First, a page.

Oh baby, baby; how was I supposed to know?

Tonight, live at the civic center: soy-glazed duck with portobellos, and soba noodles, spinach and radishes with ponzu sauce, all courtesy of Charlie Palmer’s Practical Guide to the New American Kitchen.

This week was my pick, and I went with this because I *love* duck, and I’ve never made it at home. Brian is not such a huge duck fan because he doesn’t like things that are good, nor does he particularly like things that are sweet, perhaps because he believes eating should be painful. Who can say? So I went with this recipe because it’s a departure from the usual orange or plum-glazed duck dishes, in the hopes that the Asian-inspired flavorings and soba noodles would compensate for the duck. Don’t you hate it when people try to make you eat duck? I know I do. Oh wait, I’m thinking of someone else.

Oh pretty baby, I shouldn’t have let you go.

Before approaching the duck, we had to make the ponzu. It’s hard to resist the temptation to write “gonzo” or “bonzai” for ponzu, so I want you to appreciate how hard I’m working here. It’s also hard not to yell “Judo chop!” every time you say ponzu, and I’m discovering that the same holds true when you’re writing it.

Our ponzu was a little more rushed than Charlie Palmer would have preferred (sorry, Charlie!), because I neglected to read the part of the directions that instructed me to let the ingredients steep until cooled to room temperature and therefore failed to get a head start on it because I was busy napping on the couch. So ours was more of a 30-minute ponzu: veggie oil steeped with some chili flakes and cayenne to make a chili oil, then mixed with soy, sesame oil, lemon juice, water, cumin, peppercorn and a large dose of “please cool quickly, we are very hungry.”

I cannot overemphasize the importance of good sesame oil, it’s really a dish maker-or-breaker. Okay, that’s something I could actually overemphasize quite easily, e.g., “Good sesame oil helped the Allies. win the Second World War” or “We would not have discovered a cure for Polio if not for good sesame oil.” But it’s still really important. Buy in small amounts, and store in the fridge so it doesn’t go rancid. If you have some lying around but it’s more than a year old, hold a memorial service for it and go buy a new bottle. When you open the bottle, the smell should hit your nose without your having to put your nose directly against the bottle top and snorting.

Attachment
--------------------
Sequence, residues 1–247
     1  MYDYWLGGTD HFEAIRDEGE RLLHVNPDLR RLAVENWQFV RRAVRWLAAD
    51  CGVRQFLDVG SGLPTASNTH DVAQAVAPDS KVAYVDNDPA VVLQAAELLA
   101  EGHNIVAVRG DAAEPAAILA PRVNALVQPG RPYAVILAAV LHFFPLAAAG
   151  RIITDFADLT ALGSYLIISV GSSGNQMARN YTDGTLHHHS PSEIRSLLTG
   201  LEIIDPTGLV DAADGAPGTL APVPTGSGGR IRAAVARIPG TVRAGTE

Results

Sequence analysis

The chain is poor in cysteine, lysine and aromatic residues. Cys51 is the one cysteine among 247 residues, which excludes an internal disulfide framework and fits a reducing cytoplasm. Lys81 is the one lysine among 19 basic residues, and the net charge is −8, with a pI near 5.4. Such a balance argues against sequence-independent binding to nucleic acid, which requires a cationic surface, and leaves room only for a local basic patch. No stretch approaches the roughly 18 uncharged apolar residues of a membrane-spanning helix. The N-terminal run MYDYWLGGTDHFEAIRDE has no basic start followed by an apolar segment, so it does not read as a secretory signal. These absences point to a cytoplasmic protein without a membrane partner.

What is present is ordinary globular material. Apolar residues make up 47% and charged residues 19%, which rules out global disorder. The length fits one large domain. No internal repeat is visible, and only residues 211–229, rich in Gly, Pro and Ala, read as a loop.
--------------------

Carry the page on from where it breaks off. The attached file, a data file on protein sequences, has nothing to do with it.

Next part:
I must confess that my loneliness is killing me now.

And I must confess that I did not actually measure the amount of lemon juice or ginger that went into the gonzo ponzu, because sometimes cooking is like that and you just throw crap into a pot.

In any case, some amount of all the listed ingredients went into the ponzu pot and were brought to a simmer. I tasted it and felt like it lacked a little balance (don’t hurt me, Charlie Palmer), so I added a few tablespoons of sugar. (If I’d had more presence of mind, I would have used maple syrup.) I turned off the heat, covered the pot and left the ponzu tea to steep.

But don’t you know, I still believe!
(NOTE: do not lick screen)

The duck had been chilling in a marinade of soy, honey, cinnamon and star anise since the night before. Unfortunately, I hadn’t been able to find the moulard duck breasts Charlie recommends (I didn’t mean it, Charlie!), and had instead purchased a “duckling” of unspecified variety, which I made Brian break down for me. The breasts looked a bit less meaty than moulard, although they were every bit as fatty. On the plus side, there are duck legs now residing in our freezer that speak to me in the night: “Casosulet,” they call softly. “Cassouleeeeeeet.”

In any case, the duck went into a hot pan and immediately began releasing delicious, delicious duck fat into which I heaped the portobellos before banishing the pan to the oven to finish roasting.

That you will be here. Give me a sign!